Examples of modifications of course-book activities:

- The teacher acts out a text from the course-book. For example, when reading a passage about a park in China which activates spikes when somebody sits on a bench for too long, the teacher actually acts out going to the park, being tired, sitting down on a bench, falling asleep, being woken up by spikes, screaming with pain, jumping up and running away.

- The students act out a text from the course-book as the teacher reads it aloud as dramatically as possible. For example, before reading aloud a Korean folk tale about a hard-working but poor farmer and his lazy, greedy and rich brother, the teacher divides the class into two halves and tells one half to act out what the hard-working brother does and the other half to act out what the lazy brother does.

After this dramatization of the text the teacher asks the Yes/No questions from the course-book, as personal questions to the brothers. For example, instead of asking Was X lazy?, the teacher asks Were you lazy? Why?

Then, instead of asking the question from the course-book about the lessons to be learned from the story the teacher asks the students in character to think about what they have learned, if anything, from what happened to them. These small changes are easy to make and bring the story to memorable life.

- The teacher writes and performs a bizarre story using the words of a course-book drill. The students in groups then write and perform another bizarre story using the same words. This way the students hear and pronounce the target sounds many times in ways more engaging and memorable than repeating them without context in a drill. For example, the teacher performs the story below which makes use of these words from a drill.

Cycle; cyclist; cycling; thunderstorm; bike; tornado; gym; dog; vacuum; chores; clouds; rainbow.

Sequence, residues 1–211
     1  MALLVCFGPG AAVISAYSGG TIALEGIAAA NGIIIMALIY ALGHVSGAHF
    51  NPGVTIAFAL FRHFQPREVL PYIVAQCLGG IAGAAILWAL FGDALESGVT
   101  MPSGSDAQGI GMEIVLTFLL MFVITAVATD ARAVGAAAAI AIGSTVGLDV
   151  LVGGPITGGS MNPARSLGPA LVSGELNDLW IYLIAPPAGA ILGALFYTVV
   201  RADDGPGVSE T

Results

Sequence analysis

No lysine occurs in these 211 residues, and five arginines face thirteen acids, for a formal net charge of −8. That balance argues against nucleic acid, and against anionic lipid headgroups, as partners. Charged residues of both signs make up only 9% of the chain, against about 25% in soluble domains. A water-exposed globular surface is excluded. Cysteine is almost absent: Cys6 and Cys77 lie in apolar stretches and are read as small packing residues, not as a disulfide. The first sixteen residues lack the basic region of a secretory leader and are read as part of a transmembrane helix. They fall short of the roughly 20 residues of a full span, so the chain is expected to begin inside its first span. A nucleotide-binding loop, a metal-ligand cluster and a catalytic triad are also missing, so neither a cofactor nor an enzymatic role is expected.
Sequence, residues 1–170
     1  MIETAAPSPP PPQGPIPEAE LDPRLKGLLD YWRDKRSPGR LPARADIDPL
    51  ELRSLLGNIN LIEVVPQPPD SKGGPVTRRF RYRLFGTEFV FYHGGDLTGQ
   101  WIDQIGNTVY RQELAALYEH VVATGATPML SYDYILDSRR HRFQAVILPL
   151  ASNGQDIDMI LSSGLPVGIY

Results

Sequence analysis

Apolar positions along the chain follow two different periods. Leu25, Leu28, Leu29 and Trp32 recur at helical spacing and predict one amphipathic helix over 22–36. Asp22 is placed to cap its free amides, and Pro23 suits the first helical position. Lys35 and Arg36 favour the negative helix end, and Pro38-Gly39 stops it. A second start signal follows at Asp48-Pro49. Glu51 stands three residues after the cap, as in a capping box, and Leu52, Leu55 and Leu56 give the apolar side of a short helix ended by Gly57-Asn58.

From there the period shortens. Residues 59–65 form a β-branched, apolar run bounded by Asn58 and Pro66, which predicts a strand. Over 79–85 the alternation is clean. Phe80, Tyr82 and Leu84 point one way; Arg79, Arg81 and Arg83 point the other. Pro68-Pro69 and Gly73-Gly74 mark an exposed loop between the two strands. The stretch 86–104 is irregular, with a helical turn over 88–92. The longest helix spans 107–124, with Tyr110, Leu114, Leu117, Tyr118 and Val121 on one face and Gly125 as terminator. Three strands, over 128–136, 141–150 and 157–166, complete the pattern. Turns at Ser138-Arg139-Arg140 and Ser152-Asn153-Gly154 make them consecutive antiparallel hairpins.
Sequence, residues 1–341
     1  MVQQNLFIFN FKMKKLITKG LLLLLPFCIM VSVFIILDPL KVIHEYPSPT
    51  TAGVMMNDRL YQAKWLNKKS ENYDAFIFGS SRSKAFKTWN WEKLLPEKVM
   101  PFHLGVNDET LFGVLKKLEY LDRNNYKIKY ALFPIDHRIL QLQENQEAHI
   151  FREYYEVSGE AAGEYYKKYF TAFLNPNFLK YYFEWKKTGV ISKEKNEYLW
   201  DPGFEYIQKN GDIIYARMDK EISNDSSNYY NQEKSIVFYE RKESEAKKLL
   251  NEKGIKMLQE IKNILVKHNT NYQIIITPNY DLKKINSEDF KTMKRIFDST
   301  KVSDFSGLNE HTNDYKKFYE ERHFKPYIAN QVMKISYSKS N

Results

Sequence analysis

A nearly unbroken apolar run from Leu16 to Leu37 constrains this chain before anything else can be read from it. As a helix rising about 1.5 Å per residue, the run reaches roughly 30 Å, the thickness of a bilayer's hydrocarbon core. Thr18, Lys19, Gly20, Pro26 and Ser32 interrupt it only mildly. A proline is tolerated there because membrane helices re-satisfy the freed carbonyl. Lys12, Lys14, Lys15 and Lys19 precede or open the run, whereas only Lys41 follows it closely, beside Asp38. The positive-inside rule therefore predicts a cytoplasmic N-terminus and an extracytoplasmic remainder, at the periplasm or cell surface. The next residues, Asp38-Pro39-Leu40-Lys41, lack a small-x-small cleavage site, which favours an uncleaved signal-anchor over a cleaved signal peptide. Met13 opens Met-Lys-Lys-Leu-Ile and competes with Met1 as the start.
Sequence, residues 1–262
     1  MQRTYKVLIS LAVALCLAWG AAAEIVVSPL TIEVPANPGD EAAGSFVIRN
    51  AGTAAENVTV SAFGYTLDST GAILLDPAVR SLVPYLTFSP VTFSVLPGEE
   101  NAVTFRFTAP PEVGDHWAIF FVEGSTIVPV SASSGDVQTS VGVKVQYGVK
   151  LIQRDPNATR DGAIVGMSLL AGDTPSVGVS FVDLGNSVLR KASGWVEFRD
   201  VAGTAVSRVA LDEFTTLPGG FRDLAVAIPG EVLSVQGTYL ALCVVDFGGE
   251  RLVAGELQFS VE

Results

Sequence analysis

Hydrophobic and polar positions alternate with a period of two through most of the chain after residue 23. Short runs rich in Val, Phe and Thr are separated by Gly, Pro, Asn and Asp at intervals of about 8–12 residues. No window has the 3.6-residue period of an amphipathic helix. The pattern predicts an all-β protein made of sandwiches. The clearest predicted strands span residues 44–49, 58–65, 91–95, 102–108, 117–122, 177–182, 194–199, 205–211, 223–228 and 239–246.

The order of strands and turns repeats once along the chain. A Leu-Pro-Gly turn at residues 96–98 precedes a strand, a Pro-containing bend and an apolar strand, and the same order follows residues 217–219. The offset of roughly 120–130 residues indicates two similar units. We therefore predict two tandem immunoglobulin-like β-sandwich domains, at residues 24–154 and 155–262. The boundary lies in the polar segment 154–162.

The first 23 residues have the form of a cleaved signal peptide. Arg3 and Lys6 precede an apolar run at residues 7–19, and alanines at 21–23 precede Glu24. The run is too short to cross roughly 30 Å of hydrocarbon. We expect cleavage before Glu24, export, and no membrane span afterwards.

Its not been a great week to be a cyclist. On Monday I went cycling in a thunderstorm and was blown off my bike. On Tuesday I went cycling in a tornado and was lifted off my bike. On Wednesday I went cycling in the gym and was knocked off my bike by a dog who was vacuuming the floor. On Thursday, after doing my household chores, I went cycling in the clouds and was washed off my bike by a lion who was cleaning a rainbow.

- The students perform dialogues in character. For example, in a dialogue in which A is a salesman in a shoe shop and B is the customer, A is told that he is the ex-husband of B and has not seen her since the divorce. Or in a dialogue in which A asks B how to operate her new office computer, B is told that he is in love with A but she doesnt know this.

- The students find ways in which wrong answers could become right.

Example:

In pairs, decide on the rules for a library. Complete the sentences with: can, cant, have to or dont have to.

You __________ keep quiet in the library.

Changes to:

Use cant and because to complete each of the sentences.

You __________ keep quiet in the library.

The examples above of additions and modifications are easy to think of and to apply and yet they make the experience of using a course-book much more creative and potentially much more enjoyable and rewarding for both the teacher and the students. Other creative adaptations to course-books include:

1. The students drawing their interpretation of a text rather than answering questions about it.

2. The students interviewing characters from a text.

3. The students developing a text by, for example, continuing it, re-writing it from a different perspective or in a different culture or location, responding to it with a letter or e-mail.

4. The teacher turning a closed activity into a competition by getting each group to develop an extra question to challenge their peers with.

5. The teacher giving the students the comprehension questions and getting them to create the text.

6. Groups of students chanting out a drill in different voices (e.g. a very young child; a headmaster; a very old person) [4].

REFERENCES

1. Practical work learning, Teaching and Learning Using Practical Work. Retrieved from: https://www.nuffieldfoundation.org/practical-work-learning/teaching-and-learning -using-practical-work (Reference date: November 24, 2019).

2. 6 Strategies for Teaching Special Education Classes. Retrieved from: https: // education.cu-portland.edu/blog/classroom-resources/6-strategies-for-teaching-special-education-classes/ (Reference date: November 24, 2019).

3. Carlile, O and Jordan, A Approaches to Creativity: A Guide for Teachers. Maidenhead: Open University Press, 2012.

4. Fraser, D The creative potential of metaphorical writing in the literacy classroom. English Teaching: Practice and Critique 5/2: 93108, 2006.



Table of contents: The Kazakh-American Free University Academic Journal №11 - 2019